Thanks, Paul. Your feedback is helpful. Yes, traffic is awful across the board. But I thought I'd give it a shot and write an informational article. It's been a while.

  3. Rupert Taylor profile image96
    Rupert Taylorposted 4 months ago

    Hi Janis. I've done this very thing several times. Here's what I do.

    Obviously, copy the article to your hard drive and then delete it from HubPages. Leave it for a few weeks, maybe a month, so it becomes de-indexed by Google. Then re-submit to HP with upgrades.

    I always run any text used from the original through a plagiarism checker to make sure it's not going to be flagged as duplicate content.

    I can't say whether or not it improves traffic/income, but it usually gets an article booted off a niche site back on again.

    1. janshares profile image94
      jansharesposted 4 months agoin reply to this

      Thank you so much, Rupert. This is very helpful. If I have the text already saved in Word, do I need to save the published article? I guess that would show the online copyright. I always write my articles in Word, then re-write them in the HP tool. That's how I do minor edits. So, the final published article is never exactly the same as the Word version.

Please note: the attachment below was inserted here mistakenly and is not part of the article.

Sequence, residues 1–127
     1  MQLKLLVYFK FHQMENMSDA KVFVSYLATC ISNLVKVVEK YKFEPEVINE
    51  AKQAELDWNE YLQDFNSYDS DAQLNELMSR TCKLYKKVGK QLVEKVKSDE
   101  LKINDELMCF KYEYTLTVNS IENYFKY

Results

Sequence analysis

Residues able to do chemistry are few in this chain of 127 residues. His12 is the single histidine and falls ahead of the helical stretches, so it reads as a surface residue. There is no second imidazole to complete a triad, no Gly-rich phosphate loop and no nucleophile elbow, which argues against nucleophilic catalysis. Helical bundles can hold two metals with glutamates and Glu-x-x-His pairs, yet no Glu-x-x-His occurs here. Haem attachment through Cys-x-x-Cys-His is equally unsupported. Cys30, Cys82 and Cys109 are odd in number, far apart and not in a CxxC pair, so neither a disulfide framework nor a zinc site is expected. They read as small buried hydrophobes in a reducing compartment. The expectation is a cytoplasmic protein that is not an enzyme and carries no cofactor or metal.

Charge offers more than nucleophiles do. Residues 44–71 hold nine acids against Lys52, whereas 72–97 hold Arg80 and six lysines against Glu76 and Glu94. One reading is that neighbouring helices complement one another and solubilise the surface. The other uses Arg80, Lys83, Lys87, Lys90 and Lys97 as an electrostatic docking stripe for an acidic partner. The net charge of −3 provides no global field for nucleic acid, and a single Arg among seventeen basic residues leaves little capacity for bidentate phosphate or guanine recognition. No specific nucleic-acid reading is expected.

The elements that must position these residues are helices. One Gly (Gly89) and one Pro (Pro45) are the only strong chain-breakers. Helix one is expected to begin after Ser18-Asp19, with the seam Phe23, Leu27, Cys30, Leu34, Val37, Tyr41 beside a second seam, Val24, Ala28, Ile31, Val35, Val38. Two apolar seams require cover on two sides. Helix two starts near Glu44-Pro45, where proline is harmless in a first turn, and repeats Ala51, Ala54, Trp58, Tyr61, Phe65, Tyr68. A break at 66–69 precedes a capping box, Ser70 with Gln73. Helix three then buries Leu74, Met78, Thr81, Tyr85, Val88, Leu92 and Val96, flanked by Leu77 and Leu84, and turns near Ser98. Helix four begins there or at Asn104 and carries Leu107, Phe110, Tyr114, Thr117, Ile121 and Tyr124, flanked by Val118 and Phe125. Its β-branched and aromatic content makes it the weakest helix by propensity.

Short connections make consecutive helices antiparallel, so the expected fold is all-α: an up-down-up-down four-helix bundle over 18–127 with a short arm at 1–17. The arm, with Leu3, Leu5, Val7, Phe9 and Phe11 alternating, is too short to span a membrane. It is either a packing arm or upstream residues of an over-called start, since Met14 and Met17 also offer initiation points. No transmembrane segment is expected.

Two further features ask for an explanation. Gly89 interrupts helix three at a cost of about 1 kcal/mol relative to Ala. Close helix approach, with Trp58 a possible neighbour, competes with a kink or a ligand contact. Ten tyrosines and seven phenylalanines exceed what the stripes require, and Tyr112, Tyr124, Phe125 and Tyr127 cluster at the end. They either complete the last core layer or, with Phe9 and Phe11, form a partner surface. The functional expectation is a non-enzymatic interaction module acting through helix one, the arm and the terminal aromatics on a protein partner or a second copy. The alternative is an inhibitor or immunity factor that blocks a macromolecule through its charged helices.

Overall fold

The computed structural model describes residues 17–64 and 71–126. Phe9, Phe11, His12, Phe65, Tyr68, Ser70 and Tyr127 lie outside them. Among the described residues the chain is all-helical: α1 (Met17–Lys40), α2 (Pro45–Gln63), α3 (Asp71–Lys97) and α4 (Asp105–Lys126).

4. eugbug profile image95
    eugbugposted 4 months ago

    I'm thinking if it's worded differently and is at a completely different URL, maybe the algorithm won't be "confused". When I did my experiment, the new version was a carbon copy of the old one and had the same title. Also it was on the same domain. Possibly Google penalises this sort of thing as an attempt to game the system and make an article appear fresher. That's why I wanted to have my guide moved to Turbofuture because the content was relevant to digital technology, although it could also have been classed as math.